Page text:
This year's hard-hitting Sasser worm arrived 18 days after Microsoft announced the vulnerability the malicious...
code exploited. That was slow. According to Cupertino, Calif.-based security provider Symantec Corp., an exploit now appears on average less than six days after a vulnerability is announced.
Yet while the window is nearing toward zero-day exploits, and many large organizations are aggressively tackling network vulnerabilities, small to medium-sized businesses (SMBs) have been slower to follow, compromising their small and large partners' networks, according to security experts.
"The gist of this is, it's not your own health that you have to worry about anymore, it's the health of your partners," said Jim Slaby, a senior analyst at the Yankee Group, a Boston-based research firm. Unlike their larger brethren, however, a lot of SMBs "are even more resource-constrained: fewer IT people; fewer security people," Slaby added. Both little and big companies face a security reality where new attacks constantly emerge, and "the traditional defenses they've relied upon aren't as effective anymore, he said."
Managing vulnerabilities: Two options
As a result of such constraints, Slaby said many SMBs opt to outsource their vulnerability management to a managed security services provider. Alternately, organizations can run their own vulnerability scanners. When paired with management and reporting tools, these scanners give organizations a report on what needs fixing, though fine-tuning is first necessary.
For best practices, Yankee recommends organizations integrate vulnerability discovery with both remediation and patch and configuration management, fixing high-value assets (and know what they are) first. The firm also recommends "a sense of managed urgency." That means scans of critical assets every five to 10 days, and patching critical vulnerabilities within 21 days of their announcement.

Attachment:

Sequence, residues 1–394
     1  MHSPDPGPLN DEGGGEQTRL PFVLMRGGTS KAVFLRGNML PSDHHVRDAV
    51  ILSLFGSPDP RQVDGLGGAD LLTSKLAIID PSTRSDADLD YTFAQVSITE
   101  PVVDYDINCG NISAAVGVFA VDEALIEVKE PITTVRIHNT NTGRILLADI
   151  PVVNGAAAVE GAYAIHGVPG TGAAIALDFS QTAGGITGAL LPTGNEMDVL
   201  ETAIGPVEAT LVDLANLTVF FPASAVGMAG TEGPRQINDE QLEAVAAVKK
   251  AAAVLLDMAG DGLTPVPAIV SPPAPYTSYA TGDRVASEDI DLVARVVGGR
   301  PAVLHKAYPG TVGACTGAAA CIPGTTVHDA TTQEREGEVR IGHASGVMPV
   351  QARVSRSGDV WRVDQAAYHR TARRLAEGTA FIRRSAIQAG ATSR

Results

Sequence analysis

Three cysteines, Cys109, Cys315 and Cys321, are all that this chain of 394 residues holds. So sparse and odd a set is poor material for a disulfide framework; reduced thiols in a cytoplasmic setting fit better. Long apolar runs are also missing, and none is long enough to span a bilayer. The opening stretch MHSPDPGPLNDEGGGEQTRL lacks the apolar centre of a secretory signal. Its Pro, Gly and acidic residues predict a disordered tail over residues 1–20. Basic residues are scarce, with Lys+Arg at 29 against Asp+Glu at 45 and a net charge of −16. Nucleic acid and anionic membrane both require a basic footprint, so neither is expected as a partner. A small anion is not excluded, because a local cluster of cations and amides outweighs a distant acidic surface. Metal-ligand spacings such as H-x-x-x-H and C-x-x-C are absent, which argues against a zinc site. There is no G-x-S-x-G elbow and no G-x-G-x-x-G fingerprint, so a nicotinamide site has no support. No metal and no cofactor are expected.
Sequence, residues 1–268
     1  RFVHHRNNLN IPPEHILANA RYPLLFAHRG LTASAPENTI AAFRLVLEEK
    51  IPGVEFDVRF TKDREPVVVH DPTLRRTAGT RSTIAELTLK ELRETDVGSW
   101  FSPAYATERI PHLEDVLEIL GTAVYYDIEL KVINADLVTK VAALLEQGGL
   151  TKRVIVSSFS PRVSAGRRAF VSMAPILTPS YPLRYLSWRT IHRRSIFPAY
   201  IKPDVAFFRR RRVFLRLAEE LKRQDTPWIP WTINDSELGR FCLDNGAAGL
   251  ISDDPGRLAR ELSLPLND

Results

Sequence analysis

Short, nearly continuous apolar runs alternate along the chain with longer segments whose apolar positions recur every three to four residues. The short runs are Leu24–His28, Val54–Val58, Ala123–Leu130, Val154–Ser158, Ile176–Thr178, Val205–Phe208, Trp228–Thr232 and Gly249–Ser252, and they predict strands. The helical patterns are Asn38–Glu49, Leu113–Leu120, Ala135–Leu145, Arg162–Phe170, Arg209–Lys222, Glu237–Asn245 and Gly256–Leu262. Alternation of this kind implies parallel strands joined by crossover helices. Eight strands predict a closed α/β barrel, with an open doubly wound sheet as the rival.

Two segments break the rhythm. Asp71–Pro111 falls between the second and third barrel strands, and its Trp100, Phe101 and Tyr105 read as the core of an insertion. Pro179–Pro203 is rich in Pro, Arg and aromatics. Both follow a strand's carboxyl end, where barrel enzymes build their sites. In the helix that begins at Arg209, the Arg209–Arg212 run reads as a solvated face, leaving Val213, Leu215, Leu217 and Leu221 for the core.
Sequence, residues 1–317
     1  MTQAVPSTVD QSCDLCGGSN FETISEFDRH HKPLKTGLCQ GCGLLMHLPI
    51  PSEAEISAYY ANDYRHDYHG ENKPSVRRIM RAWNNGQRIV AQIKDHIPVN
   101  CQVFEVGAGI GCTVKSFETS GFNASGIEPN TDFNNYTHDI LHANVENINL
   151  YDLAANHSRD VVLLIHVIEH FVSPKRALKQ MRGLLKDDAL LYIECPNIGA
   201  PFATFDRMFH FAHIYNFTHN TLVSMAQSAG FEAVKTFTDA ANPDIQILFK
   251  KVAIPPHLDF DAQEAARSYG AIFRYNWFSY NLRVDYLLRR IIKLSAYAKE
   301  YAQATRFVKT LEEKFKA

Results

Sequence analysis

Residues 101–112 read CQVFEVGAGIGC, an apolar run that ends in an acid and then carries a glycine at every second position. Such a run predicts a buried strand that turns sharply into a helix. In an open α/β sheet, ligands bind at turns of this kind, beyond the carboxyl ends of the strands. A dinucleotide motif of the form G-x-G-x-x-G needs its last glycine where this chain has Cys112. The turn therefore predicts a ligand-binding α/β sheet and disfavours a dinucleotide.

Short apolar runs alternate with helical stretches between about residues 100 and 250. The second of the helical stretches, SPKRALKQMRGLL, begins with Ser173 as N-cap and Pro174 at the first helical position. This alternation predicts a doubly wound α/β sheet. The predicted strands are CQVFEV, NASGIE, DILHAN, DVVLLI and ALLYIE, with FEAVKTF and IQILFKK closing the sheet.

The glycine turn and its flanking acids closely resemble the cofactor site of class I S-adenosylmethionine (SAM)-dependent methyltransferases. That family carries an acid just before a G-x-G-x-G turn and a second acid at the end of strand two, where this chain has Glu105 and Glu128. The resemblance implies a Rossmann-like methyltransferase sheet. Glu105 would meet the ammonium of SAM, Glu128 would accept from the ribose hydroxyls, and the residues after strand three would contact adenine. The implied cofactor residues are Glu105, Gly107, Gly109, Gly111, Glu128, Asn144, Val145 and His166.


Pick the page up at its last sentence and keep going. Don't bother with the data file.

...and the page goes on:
SMBs have numerous vendor options. Leading private vulnerability management vendors, according to Yankee, include Qualys Inc., TruSecure Corp. (soon to known as CyberTrust), Foundstone Inc. (recently acquired by McAfee) and nCircle Inc. Symantec, Internet Security Systems Inc. and Computer Associates International Inc. also offer the technology, as well as several upstarts, including Skybox Security, Tenable Network Security, Ecora, White Hat Technologies, BigFix Inc., Scan Alert Inc. and Black Dragon Software. St. Bernard Software Inc. also plans next week to announce a new systems vulnerability management tool specifically for the SMB market.
The most popular open source software is Nessus, which Deraison said 75,000 organizations use. Given it's free, it may be an attractive option for budget-strapped SMBs. Functionally speaking, Nessus users aren't getting a watered-down scanning engine; they just don't get support, or a complete vulnerability management package, though commercial add-ons are available.
Some experience required
Despite the plethora of options, do SMBs have the requisite in-house security knowledge to handle open source scanners? For Nessus, "you need some basic Unix knowledge to deploy it," Deraison said. A related, Windows-only tool called NeWT (Nessus Windows Technology) -- the basic version is free -- is easier to use and quick to deploy.
Deraison cautioned that for any scanner "you need a certain level of sys admin experience, both Unix and NT, to understand the results. But you definitely don't need to be an expert."
Meanwhile, all scanners suffer from some side effects. "You scan your network looking for the MSRPC vulnerability, and you crash your printers on the way, [creating an] unwanted denial of service," Deraison explained. "Or HP/UX comes up as being vulnerable whereas it's not; thus, you've got a false-positive. Or your faithful Windows NT box does not show up as being vulnerable while it is [a] false-negative."
Adds the Yankee Group's Slaby: "I guess publicly available tools are better than no tools, but clearly there are advantages that you get from someone in the business of doing it for a profit. In other words, sometimes you get what you pay for in open source. But clearly if you don't have the budget for proprietary tools, then you're certainly better off going that path than doing nothing at all."
Mathew Schwartz is a Paris-based freelance technology writer who contributes regularly to SearchSecurity's Security Wire Daily and Security Wire Perspectives. He can be reached at email@example.com